Finally, lest we forget, Smith's Anacreontic tune was published in sheet music and song collections with either Tomlinson's original text or one of the hundred or so British and American parodies, in at least some dozens of editions by the end of the nineteenth century, to be followed in this century by facsimile reproductions in numerous publications. Yet this figure does not include editions of the music published with the most important parody of them all, "The Star-Spangled Banner." Richard S. Hill in 1958 supplied the House Judiciary Subcommittee with the figure of "262 copyrighted versions of The Star-Spangled Banner on file with the Library of Congress" (U.S., Congress, The Star-Spangled Banner). No doubt a total figure for 1977, including later copyrighted editions, separate printings not copyrighted in the United States, and the countless versions in books and other publications not separately indexed would mount to well over a thousand.
Autograph manuscripts of Stafford Smith's music are scattered even when they are known to survive, but at least three locations are worth noting: the Euing Collection in the University of Glasgow Library (see Percy M. Young's article cited in Note 52); the Library of St. Michael's College, Tenbury (twenty-six items are listed in E.H. Fellowes's Catalogue [Paris, 1934] of the music in that library); and the Manuscripts Department of the British Library in London (see indexes in Augustus Hughes-Hughes, Catalogue of Manuscript Music in the British Museum, 3 vols. [London: British Museum, 1906-9]).
Of the seventy Catch Club entries by Smith in the manuscript volumes of the Warren Collection at the Boston Public Library, only thirty-two of these pieces appear to have been published by Warren. These manuscripts, however, are not autographs but fair copies made by Warren from the autographs submitted to him for the competition. The Royal College of Music in London has the unpublished and undated autograph of Smith's Introduction to the Art of Composing plus other items from his once extraordinary library. Some of his transcriptions and other rarities are also in London at the Royal Academy of Music and the British Library. For much help with this summarization of Smith's total oeuvre the author is deeply indebted to John Racin of the University of West Virginia, Nicholas Temperley of the University of Illinois, and James J. Fuld of New York.
55Grove's Dictionary, 3d, 4th, and 5th eds., s.v. "Smith, John Stafford."
56The author thanks Nicholas Temperley of the University of Illinois for pointing out this fact—which was first mentioned by Percy M. Young—and for his patient counsel on many aspects of Smith's relationship to "The Anacreontic Song," particularly for his adamant urging that "author" on page 33 of the Fifth Book meant "original composer of the tune."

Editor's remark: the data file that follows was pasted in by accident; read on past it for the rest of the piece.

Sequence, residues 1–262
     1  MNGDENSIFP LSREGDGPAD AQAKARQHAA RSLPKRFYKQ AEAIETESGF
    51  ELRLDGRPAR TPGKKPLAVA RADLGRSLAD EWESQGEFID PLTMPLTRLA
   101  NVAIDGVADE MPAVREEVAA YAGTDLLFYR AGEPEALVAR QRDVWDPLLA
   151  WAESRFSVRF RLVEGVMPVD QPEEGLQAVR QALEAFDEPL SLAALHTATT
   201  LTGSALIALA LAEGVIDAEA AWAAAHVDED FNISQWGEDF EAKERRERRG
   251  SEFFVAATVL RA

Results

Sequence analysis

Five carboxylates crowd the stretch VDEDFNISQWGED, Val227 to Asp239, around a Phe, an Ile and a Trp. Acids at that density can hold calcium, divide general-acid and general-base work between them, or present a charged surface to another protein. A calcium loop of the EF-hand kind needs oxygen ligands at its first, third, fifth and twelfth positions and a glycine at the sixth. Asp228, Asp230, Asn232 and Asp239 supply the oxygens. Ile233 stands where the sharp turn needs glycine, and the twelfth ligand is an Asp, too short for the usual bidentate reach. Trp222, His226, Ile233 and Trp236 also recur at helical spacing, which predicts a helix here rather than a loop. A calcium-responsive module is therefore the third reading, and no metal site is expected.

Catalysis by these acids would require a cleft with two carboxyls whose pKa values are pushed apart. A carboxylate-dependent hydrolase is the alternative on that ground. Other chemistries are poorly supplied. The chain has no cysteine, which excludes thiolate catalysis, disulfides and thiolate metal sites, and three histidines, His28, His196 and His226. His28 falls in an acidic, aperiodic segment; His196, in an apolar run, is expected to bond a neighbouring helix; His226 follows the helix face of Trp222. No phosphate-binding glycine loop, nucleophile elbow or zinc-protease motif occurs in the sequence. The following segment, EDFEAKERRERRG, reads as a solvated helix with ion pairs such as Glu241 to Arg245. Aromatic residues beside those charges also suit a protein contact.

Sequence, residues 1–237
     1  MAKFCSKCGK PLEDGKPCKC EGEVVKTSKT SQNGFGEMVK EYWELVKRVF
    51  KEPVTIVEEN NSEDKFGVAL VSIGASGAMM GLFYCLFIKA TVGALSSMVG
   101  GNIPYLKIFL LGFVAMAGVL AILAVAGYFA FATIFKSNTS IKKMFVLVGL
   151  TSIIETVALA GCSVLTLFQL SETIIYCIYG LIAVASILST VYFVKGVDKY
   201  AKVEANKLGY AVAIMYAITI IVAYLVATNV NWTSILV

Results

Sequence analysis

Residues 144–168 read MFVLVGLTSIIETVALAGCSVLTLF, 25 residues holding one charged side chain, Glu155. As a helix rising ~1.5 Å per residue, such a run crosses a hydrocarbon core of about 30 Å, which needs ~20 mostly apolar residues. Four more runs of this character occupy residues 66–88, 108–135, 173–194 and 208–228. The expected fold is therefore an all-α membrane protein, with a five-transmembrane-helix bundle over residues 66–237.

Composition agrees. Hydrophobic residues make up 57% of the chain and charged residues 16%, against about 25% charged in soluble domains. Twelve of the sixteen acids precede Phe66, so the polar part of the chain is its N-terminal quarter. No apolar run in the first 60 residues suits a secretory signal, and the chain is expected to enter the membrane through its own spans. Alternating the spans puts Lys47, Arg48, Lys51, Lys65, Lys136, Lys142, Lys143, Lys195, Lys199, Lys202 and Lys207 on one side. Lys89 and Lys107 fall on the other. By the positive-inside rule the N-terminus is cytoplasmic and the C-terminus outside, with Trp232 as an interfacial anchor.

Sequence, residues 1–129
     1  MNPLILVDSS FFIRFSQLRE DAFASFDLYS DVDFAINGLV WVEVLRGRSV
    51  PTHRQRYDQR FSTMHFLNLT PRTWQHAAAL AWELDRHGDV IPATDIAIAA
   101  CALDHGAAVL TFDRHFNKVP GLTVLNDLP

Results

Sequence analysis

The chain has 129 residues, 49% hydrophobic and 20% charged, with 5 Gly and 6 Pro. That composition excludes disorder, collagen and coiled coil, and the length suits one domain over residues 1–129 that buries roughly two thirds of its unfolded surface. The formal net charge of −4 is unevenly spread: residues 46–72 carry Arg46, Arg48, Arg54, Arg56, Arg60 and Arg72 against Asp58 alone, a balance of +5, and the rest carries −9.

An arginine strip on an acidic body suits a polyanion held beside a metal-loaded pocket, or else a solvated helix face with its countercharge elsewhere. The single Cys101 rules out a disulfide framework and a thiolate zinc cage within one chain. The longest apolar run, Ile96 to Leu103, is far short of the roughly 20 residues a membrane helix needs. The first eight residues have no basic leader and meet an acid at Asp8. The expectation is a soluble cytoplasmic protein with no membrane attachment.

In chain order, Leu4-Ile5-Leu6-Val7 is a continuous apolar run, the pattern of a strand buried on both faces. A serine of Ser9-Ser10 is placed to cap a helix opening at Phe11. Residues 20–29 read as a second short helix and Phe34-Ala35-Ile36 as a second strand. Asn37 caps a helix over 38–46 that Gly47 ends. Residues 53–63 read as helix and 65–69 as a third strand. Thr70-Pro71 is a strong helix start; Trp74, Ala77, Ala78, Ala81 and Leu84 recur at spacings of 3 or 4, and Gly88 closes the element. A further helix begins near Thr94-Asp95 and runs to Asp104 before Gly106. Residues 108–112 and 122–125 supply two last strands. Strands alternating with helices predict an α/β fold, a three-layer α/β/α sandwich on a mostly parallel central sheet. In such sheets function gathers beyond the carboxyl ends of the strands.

57Harry Colin Miller, Introductory Euing Lectures on Musical Bibliography and History (Glasgow: Bayley & Ferguson, 1914), p. 129.
58Barrett, English Glees and Part-Songs, pp. 262-63.
59Bumpus, A History of English Cathedral Music, pp. 502-3.
60Barrett, English Glees and Part-Songs, p. 267.
61The author is grateful to Marjorie E. Gleed, secretary of the society, for allowing him to make copies of the Smith manuscripts, especially the form recommending Smith for membership in the Society of Decayed Musicians and Their Families, which is dated July 7, 1776, and testifies that Smith had served a regular apprenticeship, was a married man, and had no children. It is signed by John Dyne, a singer and composer often mentioned by Stevens.
62The University of Glasgow Library's catalog entry for this item (shelf number R.d.63), the entry being in the manuscript of Henry George Farmer who cataloged the Euing Collection for the Library, reads ". . . a commonplace book . . . bearing the initials I.S., probably the grandfather of John Stafford Smith. . . ." (Information from Asst. Librarian Sheila Craik, to whom this author owes very special thanks for her kindness and assistance both during his visit to Glasgow and afterwards.)
63From 1762 through 1793, Edmund Thomas Warren, Secretary of the Noblemen and Gentlemen's Catch Club, edited and published in thirty-two volumes the prize-winning and other selected catches, canons, glees, and occasional odes from among the annual entries in the Catch Club competition. These thirty-two volumes were reprinted in four weighty facsimile volumes as A Collection of Catches, Canons & Glees (Wilmington, Del.: Mellifont Press, 1970), edited with an introduction by Emanuel Rubin and an essay, "The Poetry of the Warren Collection," by Malcolm A. Nelson. The author is grateful to Messrs. Rubin and Nelson for discussing various aspects of this collection with him. The author is also greatly indebted to John Racin, professor of English at the University of West Virginia, for his technical help and personal courtesies, including permission for access to his microfilm of and a copy of his index to the complete Warren Collection of manuscripts, numbering over twenty-two hundred compositions submitted for the annual competitions. The manuscripts themselves are in the Allen A. Browne Collection at the Boston Public Library, where Ruth Bleecker, chief of the Music Division, was extremely helpful in the earlier stages of the author's search. As for Edmund Thomas Warren, alias Warren Horne, Dr. Rubin's introduction explains that in 1784 the secretary had his surname extended by royal license to legally claim a bequest from his maternal uncle Edmund Horne, then lately deceased. Hence, Stafford Smith's rather testy play on the name in the quotation from the Glasgow commonplace book.